The CEDIA Expo, owned and operated by EmeraldX, LLC. was held in Indianapolis this year beginning on September 1. The 2021 show returned to an in-person format after the 2020 show was canceled due to concerns about COVID-19. Exhibitors and attendees alike were happy to meet in person once again.

The Integrated Security System/Module/Device/Surveillance Cameras award is given in the Control and Automation Category. Some other awards in this segment were for Lighting, Lighting Controls & Accessories, which was won by the Alisse Wall Control which is offered by Lutron Electronics, Motorized Shade Controls & Accessories, which was awarded to Somfy Systems for their PoE Touch Panel Room Controller. There were a number of other categories and winners.

Resideo's Honeywell Home Pro Series Products offer a comprehensive platform to support existing legacy RF sensors using the PROTAKEOVER module (available separately or in one of our kits). With the PROTAKEOVER, a customer can replace an older alarm system that used older wireless technology without having to also replace every single sensor.

This saves both time and money, allowing the customer to concentrate on adding more automation devices, or new sensors in areas that weren't protected before. For example, by not having to replace all of the existing burglary sensors, a homeowner may be able to add smoke detectors or other life safety sensors that are tied to the alarm system where they didn't have this type of protection on the older system. The PROTAKEOVER can support wireless devices from the Honeywell or 2GIG 345 MHz lineup (one or the other, but not both), sensors from the Qolsys or Interlogix/GE 319.5 MHz lineup, and 433 MHz Bosch, or 433 MHz DSC sensors.

The PROA7PLUS comes with the PROWIFIZW already installed. This module adds support for WIFI (802.11 b/g/n 2.4 GHz only) as well as Z-Wave (908 MHz North American frequency). One of the big differences between the PROA7PLUS and the PROA7 is that the PROA7 does not have a WIFI module installed from the factory. Support for WIFI can be added using the PROWIFIZW, or if Z-Wave is not going to be used, then the PROWIFI can be installed. This modular design means that you will only pay for what you intend to use.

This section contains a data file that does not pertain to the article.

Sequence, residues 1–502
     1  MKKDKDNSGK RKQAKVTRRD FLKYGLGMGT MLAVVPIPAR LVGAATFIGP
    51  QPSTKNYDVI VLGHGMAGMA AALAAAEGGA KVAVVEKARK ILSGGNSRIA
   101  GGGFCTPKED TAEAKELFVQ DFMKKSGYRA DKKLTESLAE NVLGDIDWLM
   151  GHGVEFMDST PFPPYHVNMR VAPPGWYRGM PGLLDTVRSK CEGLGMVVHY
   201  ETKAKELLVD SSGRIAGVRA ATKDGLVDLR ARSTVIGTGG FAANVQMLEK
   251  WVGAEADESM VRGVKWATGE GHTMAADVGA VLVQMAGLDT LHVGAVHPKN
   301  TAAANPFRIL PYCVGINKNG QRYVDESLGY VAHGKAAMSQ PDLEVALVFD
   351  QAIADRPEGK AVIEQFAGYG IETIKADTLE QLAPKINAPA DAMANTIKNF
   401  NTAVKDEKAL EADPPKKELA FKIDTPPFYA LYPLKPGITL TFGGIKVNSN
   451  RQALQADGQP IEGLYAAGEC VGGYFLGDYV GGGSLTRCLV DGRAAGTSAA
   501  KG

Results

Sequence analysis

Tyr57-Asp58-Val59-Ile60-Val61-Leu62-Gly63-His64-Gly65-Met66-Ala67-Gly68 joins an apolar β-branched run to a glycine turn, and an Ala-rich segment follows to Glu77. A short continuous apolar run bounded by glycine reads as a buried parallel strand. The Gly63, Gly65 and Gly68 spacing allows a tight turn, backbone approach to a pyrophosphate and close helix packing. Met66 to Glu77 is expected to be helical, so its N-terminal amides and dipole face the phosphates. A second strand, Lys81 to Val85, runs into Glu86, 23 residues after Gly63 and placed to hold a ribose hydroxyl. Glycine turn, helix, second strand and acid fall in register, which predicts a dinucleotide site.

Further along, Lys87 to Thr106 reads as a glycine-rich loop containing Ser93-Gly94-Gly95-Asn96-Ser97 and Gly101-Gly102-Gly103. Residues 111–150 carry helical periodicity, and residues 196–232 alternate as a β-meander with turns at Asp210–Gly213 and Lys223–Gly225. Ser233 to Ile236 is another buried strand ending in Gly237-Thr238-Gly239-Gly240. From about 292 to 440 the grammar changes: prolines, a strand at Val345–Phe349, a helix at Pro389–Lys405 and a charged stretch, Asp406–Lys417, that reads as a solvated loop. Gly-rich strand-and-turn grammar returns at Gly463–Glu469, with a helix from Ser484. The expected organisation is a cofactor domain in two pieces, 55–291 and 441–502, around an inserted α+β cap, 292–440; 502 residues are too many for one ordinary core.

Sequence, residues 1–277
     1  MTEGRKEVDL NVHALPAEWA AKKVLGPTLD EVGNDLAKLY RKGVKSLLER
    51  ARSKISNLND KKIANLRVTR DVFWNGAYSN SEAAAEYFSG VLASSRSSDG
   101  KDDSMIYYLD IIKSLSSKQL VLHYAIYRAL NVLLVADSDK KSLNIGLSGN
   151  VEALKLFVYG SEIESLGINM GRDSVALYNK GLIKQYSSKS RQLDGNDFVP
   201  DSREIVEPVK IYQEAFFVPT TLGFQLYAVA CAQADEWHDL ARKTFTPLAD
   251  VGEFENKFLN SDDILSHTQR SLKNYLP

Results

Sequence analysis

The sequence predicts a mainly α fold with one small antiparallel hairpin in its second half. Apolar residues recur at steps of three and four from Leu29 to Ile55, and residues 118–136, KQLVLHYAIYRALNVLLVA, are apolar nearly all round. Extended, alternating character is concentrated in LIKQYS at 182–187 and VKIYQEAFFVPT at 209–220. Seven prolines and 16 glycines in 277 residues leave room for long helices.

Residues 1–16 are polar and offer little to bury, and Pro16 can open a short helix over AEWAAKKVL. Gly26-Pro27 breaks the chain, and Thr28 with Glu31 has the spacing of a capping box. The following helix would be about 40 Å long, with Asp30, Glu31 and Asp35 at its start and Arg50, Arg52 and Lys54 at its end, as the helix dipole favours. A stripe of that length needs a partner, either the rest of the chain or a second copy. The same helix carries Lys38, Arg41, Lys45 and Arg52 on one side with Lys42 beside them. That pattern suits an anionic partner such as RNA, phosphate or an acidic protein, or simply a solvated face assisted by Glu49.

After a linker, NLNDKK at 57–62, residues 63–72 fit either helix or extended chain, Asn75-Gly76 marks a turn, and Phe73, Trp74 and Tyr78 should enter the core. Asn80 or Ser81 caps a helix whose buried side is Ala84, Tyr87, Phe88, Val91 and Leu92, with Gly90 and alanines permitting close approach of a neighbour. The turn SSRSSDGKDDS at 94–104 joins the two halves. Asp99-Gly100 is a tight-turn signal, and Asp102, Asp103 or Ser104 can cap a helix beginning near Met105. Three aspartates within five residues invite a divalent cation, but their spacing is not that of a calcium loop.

The modular design also means that if a component should fail, only the component needs to be replaced, rather than the entire panel. In the future, when technology changes and either WIFI or cellular technology requires an update, only the modules will have to be replaced in order to keep the panel current. If you've ever had to replace a panel with numerous security sensors, or Z-Wave automation devices, you'll know that this alone makes the Pro Series panels worth considering.

With built-in Amazon Alexa for both the PROA7PLUS panel itself, and the PROWLTOUCH Pro Wireless Touchscreen Keypad you can control the system as well as automation devices using just your voice and the Total Connect 2.0 Skill for Alexa. Some of the Alexa features supported are flash briefings, weather, time, add to calendar, create shopping lists, answer general questions, and more. Some features that are not supported are the ability to read books aloud (Audible) and the ability to place calls or Drop-in to another Alexa device.

Tell us what you think of the Resideo and Honeywell Home Pro Series Panels. Do you think these new panels are worthy of accolades? Have you had an experience with one of these systems that you'd like to tell us about? Leave a comment below, we'd love to hear what you think.


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We're back again with four (4) more videos. We rejoin Jorge and Michael with videos on the 2GIG Edge and the Honeywell Home PROA7PLUS. Michael discussed the PROA7PLUS support for 5800 series sensors. Jorge provides several tutorials on the 2GIG Edge. Enjoy these videos from Alarm Grid.

Honeywell Home PROA7PLUS: Compatible with Honeywell 5800 Series Sensors

In this video, Michael from Alarm Grid discusses the Honeywell Home PROA7PLUS' support for Honeywell's legacy 5800 Series Wireless Lineup. In order for the panel to support these sensors, a Honeywell Home PROTAKEOVER module must be installed. This module allows the panel to support one (1) of five (5) legacy RF frequencies. Only one (1) PROTAKEOVER is supported per panel.


2GIG Edge: Compatibility With 2GIG Sensors

In this video, Jorge discusses the ability of the 2GIG Edge to support both encrypted and unencrypted 2GIG Sensors. It may seem as though it should go without saying that a 2GIG panel supports 2GIG Sensors, but with newer panels supporting encrypted sensors, and new sensor lineups, it's good to be 100% sure before making a purchase, particularly if you have existing 2GIG sensors installed. The 2GIG Edge supports all of the 2GIG sensors.


2GIG Edge: Z Wave Support